Sequencing was performed on an Illumina HiSeq 2500 using paired-end 100-bp reads. Individual BAM files for each sample were generated for alignment. DNA sequencing reads from each RRBS experiment were aligned to bisulfite-converted and unconverted versions of the human reference genome (hg18) using Bowtie2, and percent methylation for each CpG was calculated by dividing the number of methylated Cs by the total coverage of that base. These analyses were facilitated by the Bismark software (30), which was specifically developed for processing RRBS data. The overall pipeline converts raw RRBS FASTQ files to tables of read depth and percent methylation at each individual CpG site for each patient sample.

Endoscopic sampling

During the endoscopy, one cytology brushing (US Endoscopy) was obtained from the proximal squamous esophagus, 20 to 25 cm from the incisors, as soon as the esophagus was intubated. The second cytology brushing was obtained from endoscopic BE or cancer lesions. In endoscopic normal controls, the GE junction was brushed to sample the glandular mucosa as well as distal squamous mucosa. Standard-of-care clinical biopsies were obtained from suspected BE and cancer cases. Data were collected from subjects regarding demographics, indications for EGD, GERD symptoms, exposures, and past medical history. All diagnoses (Table 1) were established by endoscopic report and histopathology review of clinical biopsy samples. Demographic data for all patients are provided in table S2. Brushes were immediately clipped with wire cutters into empty nuclease-free 0.5-ml cryo-safe tubes and immediately snap-frozen on dry ice for transport to storage at −80°C until use. Genomic DNA was extracted from endoscopic brushes using the DNeasy Blood and Tissue Kit (QIAGEN, cat. no. 69504). The protocol for the purification of total DNA from animal tissues (Spin-Column Protocol) was used with the modification of increasing the digestion time to overnight. Final elution volume was 100 μl. DNA yields from clinical samples were quantitated using the Qubit fluorometer (Invitrogen).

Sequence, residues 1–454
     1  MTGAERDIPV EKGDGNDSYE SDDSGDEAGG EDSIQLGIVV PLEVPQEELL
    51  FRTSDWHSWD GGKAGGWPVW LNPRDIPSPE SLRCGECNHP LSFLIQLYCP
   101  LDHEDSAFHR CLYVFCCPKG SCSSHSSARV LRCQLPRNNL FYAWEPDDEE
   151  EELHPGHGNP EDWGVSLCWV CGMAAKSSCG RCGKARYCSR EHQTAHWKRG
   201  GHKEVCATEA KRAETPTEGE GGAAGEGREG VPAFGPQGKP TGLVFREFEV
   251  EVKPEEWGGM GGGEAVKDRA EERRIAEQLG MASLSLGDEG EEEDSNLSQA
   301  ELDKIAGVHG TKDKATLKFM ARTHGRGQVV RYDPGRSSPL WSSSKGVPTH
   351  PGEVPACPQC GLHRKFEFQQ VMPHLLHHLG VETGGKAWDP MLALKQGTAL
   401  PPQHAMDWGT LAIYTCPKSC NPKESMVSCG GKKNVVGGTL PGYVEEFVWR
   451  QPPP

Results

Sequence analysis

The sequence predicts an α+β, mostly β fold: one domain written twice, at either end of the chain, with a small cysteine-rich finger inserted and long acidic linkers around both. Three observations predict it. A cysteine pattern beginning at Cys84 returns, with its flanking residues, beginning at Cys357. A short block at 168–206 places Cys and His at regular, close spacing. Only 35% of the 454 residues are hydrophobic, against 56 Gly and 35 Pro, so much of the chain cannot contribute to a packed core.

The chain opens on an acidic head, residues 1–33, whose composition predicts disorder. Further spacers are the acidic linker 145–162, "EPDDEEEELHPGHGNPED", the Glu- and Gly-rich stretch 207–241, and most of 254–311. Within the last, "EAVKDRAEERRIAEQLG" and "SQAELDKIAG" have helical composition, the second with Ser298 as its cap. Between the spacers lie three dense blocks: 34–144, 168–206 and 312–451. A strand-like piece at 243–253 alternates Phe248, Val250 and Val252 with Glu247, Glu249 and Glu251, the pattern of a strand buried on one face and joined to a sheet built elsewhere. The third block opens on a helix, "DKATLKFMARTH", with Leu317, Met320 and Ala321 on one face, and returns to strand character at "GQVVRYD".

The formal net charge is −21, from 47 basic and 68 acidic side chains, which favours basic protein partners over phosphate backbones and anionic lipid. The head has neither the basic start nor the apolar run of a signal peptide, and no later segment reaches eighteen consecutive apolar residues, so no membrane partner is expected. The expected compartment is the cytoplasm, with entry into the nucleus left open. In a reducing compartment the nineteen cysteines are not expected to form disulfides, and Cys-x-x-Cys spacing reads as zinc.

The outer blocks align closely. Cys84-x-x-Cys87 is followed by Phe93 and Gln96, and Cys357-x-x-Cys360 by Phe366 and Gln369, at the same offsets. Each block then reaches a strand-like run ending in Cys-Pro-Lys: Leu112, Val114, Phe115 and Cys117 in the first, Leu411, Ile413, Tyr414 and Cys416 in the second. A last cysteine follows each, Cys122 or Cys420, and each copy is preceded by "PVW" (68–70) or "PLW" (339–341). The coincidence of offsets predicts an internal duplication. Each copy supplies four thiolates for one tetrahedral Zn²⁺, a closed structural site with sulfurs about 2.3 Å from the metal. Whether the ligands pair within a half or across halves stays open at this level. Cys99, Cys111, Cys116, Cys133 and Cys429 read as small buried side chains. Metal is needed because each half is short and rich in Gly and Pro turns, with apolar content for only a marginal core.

FFPE tissues specimens

Archival normal and neoplastic tissue specimens were obtained from the Department of Pathology at University Hospitals Cleveland Medical Center under a tissue procurement protocol approved by University Hospitals Cleveland Medical Center Institutional Review Board. Before use, diagnostic slides of all samples were reviewed by a gastrointestinal pathologist (J.E.W.) for confirmation of the recorded diagnoses. After confirmation of diagnoses, specimens for this study were prepared via punch biopsies of tissue blocks. The presence of IM in designated esophageal biopsies was required for a diagnosis of BE according to published guidelines (7).

DNA was purified using QIAamp DNA Micro Kit (QIAGEN) according to the manufacturer’s protocol with the following modifications: The starting extraction volume was increased to 200 μl of ATL buffer and 50 μl of proteinase K. The cores were digested for 4 days at 60°. An additional 6 μl of proteinase K was added on days 2 and 3 of incubation. The DNA was eluted from columns in 100 μl of low–tris-EDTA (TE) elution buffer and used immediately for bisulfite conversion or frozen at −80°C until use.

Non-endoscopic esophageal brushing via a balloon device